The Mars Volta remains the most interesting major label act, an informal title they’ve held since their debut album in 2003. Nothing about their work is simple even when it is, nor is it straightforward. Their new album, Noctourniquet, is no exception.
I’ve been living with this album for two weeks now, literally playing it at every opportunity: on walks; at my desk; over lunch; lying in bed. My favorite place to test-drive a new album is on an actual drive. My fire-breathing, tire burning, evil bastard of a mid-life crisis car is the definitive mobile music laboratory, with its megawatt sound system and rocket acceleration waiting for me to get caught up in the beat. Sorry, officer, working on a review.
Mars Volta albums are exercises in sensory overload. De-Loused In The Comatorium’s “Intertiatic ESP,” for example, is the sonic equivalent of standing in the middle of a stampede. Much of the credit for that frenzy belongs to songwriter and virtuoso guitarist Omar Rodriguez-Lopez, who never played one note when seventeen would do.
This is such a signature of the band’s sound that my initial thought on my first pass through Noctourniquet was “Where’s Omar?” He’s there, though — just not where you expect him. Apparently early in the writing process for this album Rodriguez-Lopez limited himself to four notes per song, a convention that he later abandoned but that still left its mark on the record. “Aegis,” for example, is built around a very simple guitar figure, as is the stunning “Trinkets Pale Of Moon.”
Rodriguez-Lopez didn’t do away with the busy-ness, however. He simply moved it elsewhere — the keyboards, the drums, the studio itself. The album is a phenomenal sound collage composed of often dissonant and conflicting elements that collide and embrace and blend into a cohesive whole. Theremin, Native American songs, the bleeps and bloops of electronica, acoustic guitar, backward loops — the band plays with a remarkably broad and unconventional palette.
Perhaps there’s no element more unconventional than new drummer Deantoni Parks’s syncopation. The guy might be percussionally insane. His rhythms are brilliant, staggering, unpredictable, epileptic. The sensation is less freight train and more “falling uncontrollably down a staircase,” and it is one of the things that keeps me coming back. The overwhelming majority of rhythms in pop music are two piece jigsaw puzzles: not exactly challenging and you pretty much have it figured out before you’ve opened the box. Parks’s work is more akin to working a five thousand piece 3-D puzzle while on acid. And without depth perception.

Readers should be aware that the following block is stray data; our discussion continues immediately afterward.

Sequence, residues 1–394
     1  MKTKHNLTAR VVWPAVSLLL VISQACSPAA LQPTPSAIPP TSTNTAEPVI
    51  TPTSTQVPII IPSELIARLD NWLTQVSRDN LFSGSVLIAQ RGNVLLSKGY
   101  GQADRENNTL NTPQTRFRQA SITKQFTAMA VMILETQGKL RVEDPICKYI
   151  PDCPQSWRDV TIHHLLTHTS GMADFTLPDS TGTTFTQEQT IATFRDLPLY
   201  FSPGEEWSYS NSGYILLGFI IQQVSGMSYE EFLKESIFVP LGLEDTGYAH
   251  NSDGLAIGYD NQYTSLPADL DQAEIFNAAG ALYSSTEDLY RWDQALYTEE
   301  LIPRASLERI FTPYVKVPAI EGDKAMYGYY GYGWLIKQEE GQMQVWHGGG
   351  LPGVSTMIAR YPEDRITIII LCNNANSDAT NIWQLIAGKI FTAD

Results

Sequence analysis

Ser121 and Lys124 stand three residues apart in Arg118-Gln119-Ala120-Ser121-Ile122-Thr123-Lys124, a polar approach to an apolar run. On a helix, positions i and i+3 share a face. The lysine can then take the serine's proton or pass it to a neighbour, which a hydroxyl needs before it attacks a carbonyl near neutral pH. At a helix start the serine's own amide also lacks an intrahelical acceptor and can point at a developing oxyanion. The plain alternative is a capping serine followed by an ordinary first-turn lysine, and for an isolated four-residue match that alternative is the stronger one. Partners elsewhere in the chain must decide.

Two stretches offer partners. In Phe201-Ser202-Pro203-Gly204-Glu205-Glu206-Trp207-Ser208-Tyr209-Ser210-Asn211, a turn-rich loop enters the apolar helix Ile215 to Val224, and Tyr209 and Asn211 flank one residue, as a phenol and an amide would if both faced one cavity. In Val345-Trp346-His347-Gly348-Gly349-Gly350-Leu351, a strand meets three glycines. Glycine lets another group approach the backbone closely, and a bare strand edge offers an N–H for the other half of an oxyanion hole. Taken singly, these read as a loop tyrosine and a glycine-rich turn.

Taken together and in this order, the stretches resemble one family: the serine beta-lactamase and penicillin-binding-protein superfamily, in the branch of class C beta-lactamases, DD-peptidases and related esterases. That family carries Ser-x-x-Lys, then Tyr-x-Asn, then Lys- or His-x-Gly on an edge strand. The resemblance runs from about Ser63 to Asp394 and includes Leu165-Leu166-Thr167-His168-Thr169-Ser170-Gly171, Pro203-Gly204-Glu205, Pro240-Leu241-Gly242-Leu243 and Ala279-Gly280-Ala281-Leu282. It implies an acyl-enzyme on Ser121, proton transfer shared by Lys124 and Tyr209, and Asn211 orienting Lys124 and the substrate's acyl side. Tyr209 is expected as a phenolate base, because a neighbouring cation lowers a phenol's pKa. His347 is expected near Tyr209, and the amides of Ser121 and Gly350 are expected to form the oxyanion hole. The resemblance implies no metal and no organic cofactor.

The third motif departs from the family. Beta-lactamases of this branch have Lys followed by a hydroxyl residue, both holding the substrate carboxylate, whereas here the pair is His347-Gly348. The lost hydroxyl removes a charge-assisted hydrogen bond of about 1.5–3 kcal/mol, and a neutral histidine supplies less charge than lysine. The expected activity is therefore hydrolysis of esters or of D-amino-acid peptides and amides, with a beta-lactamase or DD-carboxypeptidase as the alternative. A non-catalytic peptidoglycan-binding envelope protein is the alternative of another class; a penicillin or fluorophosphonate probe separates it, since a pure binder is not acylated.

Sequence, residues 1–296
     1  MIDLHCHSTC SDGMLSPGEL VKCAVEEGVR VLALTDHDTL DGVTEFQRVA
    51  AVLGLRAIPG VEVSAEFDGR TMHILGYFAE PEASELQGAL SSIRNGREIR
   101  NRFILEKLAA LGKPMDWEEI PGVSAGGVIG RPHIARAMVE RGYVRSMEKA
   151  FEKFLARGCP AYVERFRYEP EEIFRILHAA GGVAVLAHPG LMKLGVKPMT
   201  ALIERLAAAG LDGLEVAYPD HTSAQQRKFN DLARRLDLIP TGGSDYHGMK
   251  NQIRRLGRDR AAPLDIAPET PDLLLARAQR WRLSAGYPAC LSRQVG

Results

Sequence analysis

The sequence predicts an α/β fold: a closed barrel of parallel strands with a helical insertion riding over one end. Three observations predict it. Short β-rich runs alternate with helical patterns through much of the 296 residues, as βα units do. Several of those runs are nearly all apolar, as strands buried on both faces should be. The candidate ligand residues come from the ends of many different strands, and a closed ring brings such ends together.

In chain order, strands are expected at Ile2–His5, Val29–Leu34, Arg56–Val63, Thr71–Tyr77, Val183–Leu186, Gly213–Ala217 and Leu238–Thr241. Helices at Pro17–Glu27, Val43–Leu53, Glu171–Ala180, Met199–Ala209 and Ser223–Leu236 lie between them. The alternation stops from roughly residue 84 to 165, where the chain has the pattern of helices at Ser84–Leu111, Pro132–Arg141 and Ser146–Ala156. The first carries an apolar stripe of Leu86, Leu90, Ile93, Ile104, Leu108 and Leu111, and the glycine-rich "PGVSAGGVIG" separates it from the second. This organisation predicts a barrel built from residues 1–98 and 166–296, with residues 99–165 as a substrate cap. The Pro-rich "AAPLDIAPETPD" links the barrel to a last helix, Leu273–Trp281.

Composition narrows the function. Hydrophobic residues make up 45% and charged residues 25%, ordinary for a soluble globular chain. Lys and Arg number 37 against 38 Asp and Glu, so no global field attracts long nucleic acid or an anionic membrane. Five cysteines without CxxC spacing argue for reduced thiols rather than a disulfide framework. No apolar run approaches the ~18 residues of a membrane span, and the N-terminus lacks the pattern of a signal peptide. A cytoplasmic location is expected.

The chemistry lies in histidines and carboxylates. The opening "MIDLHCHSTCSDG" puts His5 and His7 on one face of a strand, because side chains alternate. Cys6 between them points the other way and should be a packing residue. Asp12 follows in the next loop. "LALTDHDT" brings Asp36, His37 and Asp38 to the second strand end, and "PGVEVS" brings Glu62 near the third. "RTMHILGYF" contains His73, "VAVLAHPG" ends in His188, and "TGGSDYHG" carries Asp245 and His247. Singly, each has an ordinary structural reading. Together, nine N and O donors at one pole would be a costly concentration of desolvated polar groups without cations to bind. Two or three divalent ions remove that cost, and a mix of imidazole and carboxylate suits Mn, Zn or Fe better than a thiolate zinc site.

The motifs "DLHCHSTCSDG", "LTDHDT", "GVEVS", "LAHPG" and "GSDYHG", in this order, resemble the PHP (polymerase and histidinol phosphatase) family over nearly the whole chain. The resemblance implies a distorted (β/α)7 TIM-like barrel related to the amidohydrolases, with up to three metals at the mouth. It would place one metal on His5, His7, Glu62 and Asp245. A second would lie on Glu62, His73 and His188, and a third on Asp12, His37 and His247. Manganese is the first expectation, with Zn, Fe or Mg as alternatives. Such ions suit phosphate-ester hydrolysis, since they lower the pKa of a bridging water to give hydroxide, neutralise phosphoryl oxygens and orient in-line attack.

Vocalist Cedric Bixler-Zavala’s lyrics are allegedly inspired by the nursery rhyme “Solomon Grundy” and the Greek myth of Hyacinth. Elements of both certainly show up (“Sunday I’m in the ground” — “Aegis,” “If I trust in the wind she’ll pave me a different road” — “Empty Vessels Make The Loudest Sound”), but what story the album is telling is lost on me. Maybe with a couple hundred listens I’ll unlock its secrets, but maybe not. I still don’t know what Frances The Mute was all about, but I love that album.
What Bixler-Zavala does very well is create a verbal atmosphere that perfectly complements the aural texture of the album. He has an eye for clever wordplay (“Dyslexicon,” “Noctourniquet”), an ear for straightforward grabbers (“I’m a land mine / so don’t you step on me” —“The Whip Hand”), and the obtuse poetics of his prog forefathers (“The avulsion whims its spurs in the pinches of my earth / The dust I kick of animus shatters” — “Lapochka”).
Occasionally a lyric pops up that sounds critical of Rodriguez-Lopez’s dictatorial style, which delayed Noctourniquet over two years after the songwriting partners had a falling out over lack of collaboration. Bixler-Zavala allegedly felt rushed and undervalued, and that anger seems present. I could be reading into things, though — that’s the risk of doing one’s homework rather than letting the music speak for itself.
If you’re looking for some new music to get you through Zumba class Noctourniquet isn’t for you. The marketplace is flooded with background music in 4/4 time about girls and summer and whatever. There’s absolutely nothing wrong with that — a little mindless music in the background keeps us company and helps to pass the time. But Noctourniquet is for people who listen to music. It demands your attention. It is immersive. One must be present, must participate. As a listener one must be curious and alert else the world that The Mars Volta have created here — whatever it may be — will pass you by.
If you fit that description pick up Noctourniquet immediately, load it into your own mobile music testing laboratory, and crank it. Just be sure to watch out for the highway patrol while playing “Molochwalker.”